Seoul: Yeouido// The emotional stress reliever from Seoul, sponsored by the government

The result of having Yeouido in a grid form, naturally it serves as ’emotional stress reliever’ from the chaotic, historic weave of complex city life that Seoul offers. Let’s take this from a driver’s perspective.

“The car is an extension of personal territory…”1. Being in a car allows an insulated environment where controls and vehicular appearance allows negative self-expression of the driver when en route, caused by complications on the road condition that renders a frustrating experience such as abnormal changes in speeds, heavy traffic, long pedestrian crossing tines, impatience, inefficient commutes, impolite cutting in and gestures, verbal abuse…etc.  The weather might make situations worse.

Although the booming economy in South Korea and the availability of American construction knowledge allowed Seoul to well develop road networks, reaching major and minor locations of the metropolis, the network still follows the mountainous and hilly terrain and the historic urban fabric of Han Yang dating back from the Joseon dynasty.

Leaving Yeouido in a grid only simplifies and relieves the road rage that entangled Seoul has intoxicated the driver. It made the 3-kilometer island looked like a dream.

For those that come from the north side of the Han River, using one of the three bridges from either Yongsan or Mapo-gu regions, the Yeouido island is a visual indicator that the bridge has ended and a decision has to be made while the grid offers multiple routes and destinations. Everything seems well organized, clean and opened up, all the aggressive behaviour enacted before crossing the Han River may have been forgotten. The Yeouido island reminds people what a prosperous and advanced city Seoul has become. Those whose final destinations are further in other regions south of the river will be reminded to actively pay attention to the agility of quick control once the roads start deforming as they quickly finish passing the greenery of which perimeters the island.

Those that are going northbound experiences Yeouido’s perfect grid before entering the bridges, although they may not have the same satisfaction on traffic as the opposing lane. Once everyone merges to the bridges, a direct single path across the Han River, it will be as if the cars have never left Yeouido, hoping that they will not reach the end as soon…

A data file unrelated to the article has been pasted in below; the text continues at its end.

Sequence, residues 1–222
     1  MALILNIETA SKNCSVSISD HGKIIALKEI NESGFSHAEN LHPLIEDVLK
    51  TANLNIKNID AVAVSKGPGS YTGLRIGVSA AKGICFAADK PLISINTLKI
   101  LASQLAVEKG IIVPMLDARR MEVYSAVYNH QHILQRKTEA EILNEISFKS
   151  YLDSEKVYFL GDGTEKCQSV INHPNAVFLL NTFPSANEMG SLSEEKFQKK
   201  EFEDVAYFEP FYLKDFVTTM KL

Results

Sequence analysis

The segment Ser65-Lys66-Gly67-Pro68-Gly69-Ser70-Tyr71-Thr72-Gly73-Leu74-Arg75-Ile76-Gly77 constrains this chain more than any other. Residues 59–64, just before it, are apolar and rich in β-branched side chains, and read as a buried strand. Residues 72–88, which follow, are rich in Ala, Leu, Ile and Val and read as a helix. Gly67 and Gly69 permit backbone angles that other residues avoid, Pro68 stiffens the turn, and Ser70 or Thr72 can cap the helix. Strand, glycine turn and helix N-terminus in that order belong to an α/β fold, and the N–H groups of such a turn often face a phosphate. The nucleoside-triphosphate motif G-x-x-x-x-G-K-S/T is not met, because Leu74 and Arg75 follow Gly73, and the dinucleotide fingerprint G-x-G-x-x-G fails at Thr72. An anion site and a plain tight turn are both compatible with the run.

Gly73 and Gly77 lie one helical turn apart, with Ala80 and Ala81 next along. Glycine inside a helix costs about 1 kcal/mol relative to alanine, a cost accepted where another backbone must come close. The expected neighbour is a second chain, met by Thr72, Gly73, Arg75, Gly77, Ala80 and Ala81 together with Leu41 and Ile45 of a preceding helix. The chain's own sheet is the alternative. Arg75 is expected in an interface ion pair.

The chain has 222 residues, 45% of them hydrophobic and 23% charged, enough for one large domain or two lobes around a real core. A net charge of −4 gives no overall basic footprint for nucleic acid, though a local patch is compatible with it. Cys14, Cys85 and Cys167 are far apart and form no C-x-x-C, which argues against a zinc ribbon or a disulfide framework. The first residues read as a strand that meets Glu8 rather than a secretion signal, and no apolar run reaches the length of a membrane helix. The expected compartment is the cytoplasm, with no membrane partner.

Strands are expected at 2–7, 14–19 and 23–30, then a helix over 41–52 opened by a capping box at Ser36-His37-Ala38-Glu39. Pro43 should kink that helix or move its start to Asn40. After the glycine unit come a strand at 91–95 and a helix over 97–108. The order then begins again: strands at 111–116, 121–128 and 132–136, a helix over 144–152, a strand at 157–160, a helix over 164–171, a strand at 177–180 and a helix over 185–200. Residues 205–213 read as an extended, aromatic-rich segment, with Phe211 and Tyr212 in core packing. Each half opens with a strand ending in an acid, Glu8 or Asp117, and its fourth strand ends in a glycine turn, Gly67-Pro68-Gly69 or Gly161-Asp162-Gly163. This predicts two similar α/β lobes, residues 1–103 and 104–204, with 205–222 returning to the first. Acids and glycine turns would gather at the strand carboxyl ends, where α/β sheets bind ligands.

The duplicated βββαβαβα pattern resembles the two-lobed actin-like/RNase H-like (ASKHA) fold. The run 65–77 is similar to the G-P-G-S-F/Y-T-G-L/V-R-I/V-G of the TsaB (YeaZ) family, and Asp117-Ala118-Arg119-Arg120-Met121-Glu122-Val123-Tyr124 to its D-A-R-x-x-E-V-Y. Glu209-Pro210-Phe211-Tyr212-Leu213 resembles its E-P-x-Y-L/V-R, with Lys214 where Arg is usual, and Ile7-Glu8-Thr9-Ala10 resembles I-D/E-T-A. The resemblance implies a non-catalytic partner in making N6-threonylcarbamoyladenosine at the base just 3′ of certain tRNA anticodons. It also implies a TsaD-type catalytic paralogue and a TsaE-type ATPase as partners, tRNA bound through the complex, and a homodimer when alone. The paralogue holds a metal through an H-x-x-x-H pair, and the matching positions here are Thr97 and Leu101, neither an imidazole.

According to the land use of Yeouido Island from the Seoul Institute, it is an “aesthetic district”.

Special Districts in Seoul, 2013


  1. Kim, Hyung Min, and Sun Sheng Han. “Seoul.” Cities 29, no. 2 (2012): 142-54.
  2. Miller, Daniel. Car Cultures [electronic Resource]. Materializing Culture. Oxford ; New York: Berg, 2001. (62)
  3. Thrift, Nigel. “Driving in the City.” Theory, Culture & Society 21, no. 4-5 (2004): 41-59.
  4. The Seoul Institute. “Land Use.” 2013.

2 Comments on “Seoul: Yeouido// The emotional stress reliever from Seoul, sponsored by the government

  1. Before reading this post, I would have never thought an urban grid layout would result in happier drivers, but I suppose it would only make sense for psychological states and urban conditions to go hand in hand. The above statement would be especially profound for drivers, with their daily lives entangled with navigation, congestion and parking – activities that point to the contested quality of urban spaces. It’s also interesting to see how this calmer, more content state of mind befits the government’s vision for Yeouido as an ‘aesthetic district’ and the overarching national image of strength, prosperity and growth.

  2. Seoul is welly designed for cars, but not for pedestrians. Most of riverside of Han River is covered by highway, and heavy elevated roads. Use of vehicles is inevitable, and people in Seoul are very satisfying the organised traffic system. In the other hand, many people express their complaints on the elevated roads next to Han River. It divides people from the river. The experience in the vehicle and outside of the vehicle is different, and there is a new birth culture in the riverside of Han River which is ‘Chimaek'(Chicken and Beer). I hope that more riverside is open to people and allow people to enjoy the interaction with the water.

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